LONDON (Reuters) – NatWest tripled its profit in the third quarter as Britain’s resurgent economy lifted its finances, despite setting aside cash for an expected fine for money laundering failings.
State-backed NatWest reported a pre-tax profit for the July-September period of 1.1 billion pounds ($1.52 billion), better than the 677 million pounds average of analyst forecasts and up from 355 million pounds a year ago.
The bank took a 294 million pound litigation and conduct charge, which includes a provision for an anticipated fine after pleading guilty this month to failing to prevent the laundering of nearly 400 million pounds between 2012 and 2016.
NatWest said it would not disclose the exact provision for the fine, which will ultimately be determined at a sentencing expected in December, as court proceedings are ongoing.
NatWest’s profit rise follows bumper quarterly earnings from rivals Barclays, HSBC and Lloyds this month, as Britain’s economic rebound from pandemic lockdowns boosted profits.
All were lifted by the release of bad loan reserves, with NatWest unlocking 242 million pounds.
NatWest became the first lender to admit criminal offences under a 2007 money laundering law, in an embarrassing setback to Chief Executive Alison Rose’s attempts to clean up the image of Britain’s biggest business bank, including a rebrand from the scandal-tainted Royal Bank of Scotland name.
The Financial Conduct Authority said NatWest failed to monitor suspect activity by a client that deposited about 365 million pounds over five years, including 264 million in cash.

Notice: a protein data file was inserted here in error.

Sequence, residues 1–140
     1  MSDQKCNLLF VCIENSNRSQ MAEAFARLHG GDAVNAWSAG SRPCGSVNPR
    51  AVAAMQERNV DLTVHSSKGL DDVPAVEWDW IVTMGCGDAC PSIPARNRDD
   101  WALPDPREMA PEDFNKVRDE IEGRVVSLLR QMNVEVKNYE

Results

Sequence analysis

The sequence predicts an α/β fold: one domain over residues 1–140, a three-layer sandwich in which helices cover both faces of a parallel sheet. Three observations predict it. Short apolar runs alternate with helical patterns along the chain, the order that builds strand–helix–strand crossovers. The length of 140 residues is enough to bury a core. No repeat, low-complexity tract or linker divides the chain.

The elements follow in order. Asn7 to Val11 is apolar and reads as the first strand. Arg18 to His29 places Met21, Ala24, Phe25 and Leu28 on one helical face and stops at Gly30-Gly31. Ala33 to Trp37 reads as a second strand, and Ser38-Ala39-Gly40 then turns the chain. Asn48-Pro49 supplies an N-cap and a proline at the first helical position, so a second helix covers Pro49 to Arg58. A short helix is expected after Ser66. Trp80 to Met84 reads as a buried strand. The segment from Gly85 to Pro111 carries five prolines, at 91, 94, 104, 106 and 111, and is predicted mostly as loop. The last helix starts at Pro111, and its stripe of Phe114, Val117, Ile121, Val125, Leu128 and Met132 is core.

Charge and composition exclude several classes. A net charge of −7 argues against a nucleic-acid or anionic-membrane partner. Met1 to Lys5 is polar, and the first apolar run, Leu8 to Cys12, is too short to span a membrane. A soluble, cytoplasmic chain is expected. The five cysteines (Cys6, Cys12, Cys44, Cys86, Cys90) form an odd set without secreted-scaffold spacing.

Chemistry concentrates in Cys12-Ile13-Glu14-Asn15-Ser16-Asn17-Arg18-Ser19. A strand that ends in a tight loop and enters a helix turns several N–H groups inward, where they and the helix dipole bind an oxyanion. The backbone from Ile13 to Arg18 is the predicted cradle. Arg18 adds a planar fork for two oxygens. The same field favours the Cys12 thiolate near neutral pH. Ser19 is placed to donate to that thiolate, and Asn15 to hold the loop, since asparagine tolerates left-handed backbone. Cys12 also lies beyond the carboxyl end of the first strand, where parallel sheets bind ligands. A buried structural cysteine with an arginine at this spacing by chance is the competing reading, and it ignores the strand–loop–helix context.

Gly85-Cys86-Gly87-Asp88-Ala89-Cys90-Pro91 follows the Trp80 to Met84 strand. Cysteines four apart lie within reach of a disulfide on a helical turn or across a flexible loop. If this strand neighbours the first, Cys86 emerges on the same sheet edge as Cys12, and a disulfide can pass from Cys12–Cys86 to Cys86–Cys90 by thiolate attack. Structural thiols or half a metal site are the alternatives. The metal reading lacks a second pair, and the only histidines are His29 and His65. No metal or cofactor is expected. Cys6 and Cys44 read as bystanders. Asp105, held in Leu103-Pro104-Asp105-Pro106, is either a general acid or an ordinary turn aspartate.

A lawyer for the FCA told Westminster Magistrates’ Court earlier this month the bank could face a potential penalty of around 340 million pounds.
NatWest has said it deeply regrets failing to prevent the money laundering and it has invested 700 million pounds over five years in prevention systems.
The FCA said it will not take action against current or former bank employees, a decision questioned by lawmakers.
NatWest said while the overall economic outlook had improved, risks remained.
“Although we are seeing challenges in the economy and for our customers – especially around supply chains and the cost of living – a number of key indicators remain positive; growth is good, unemployment is low and there are limited signs of default across our book,” Rose said.
Unlike Barclays, whose results were boosted by a bumper investment banking performance, NatWest’s trading business lost 160 million pounds in the quarter amid thin fixed income trading.
NatWest said it no longer expected to hit its target of cutting NatWest Markets’ risk-weighted assets to 20 billion pounds this year.
($1 = 0.7253 pounds)
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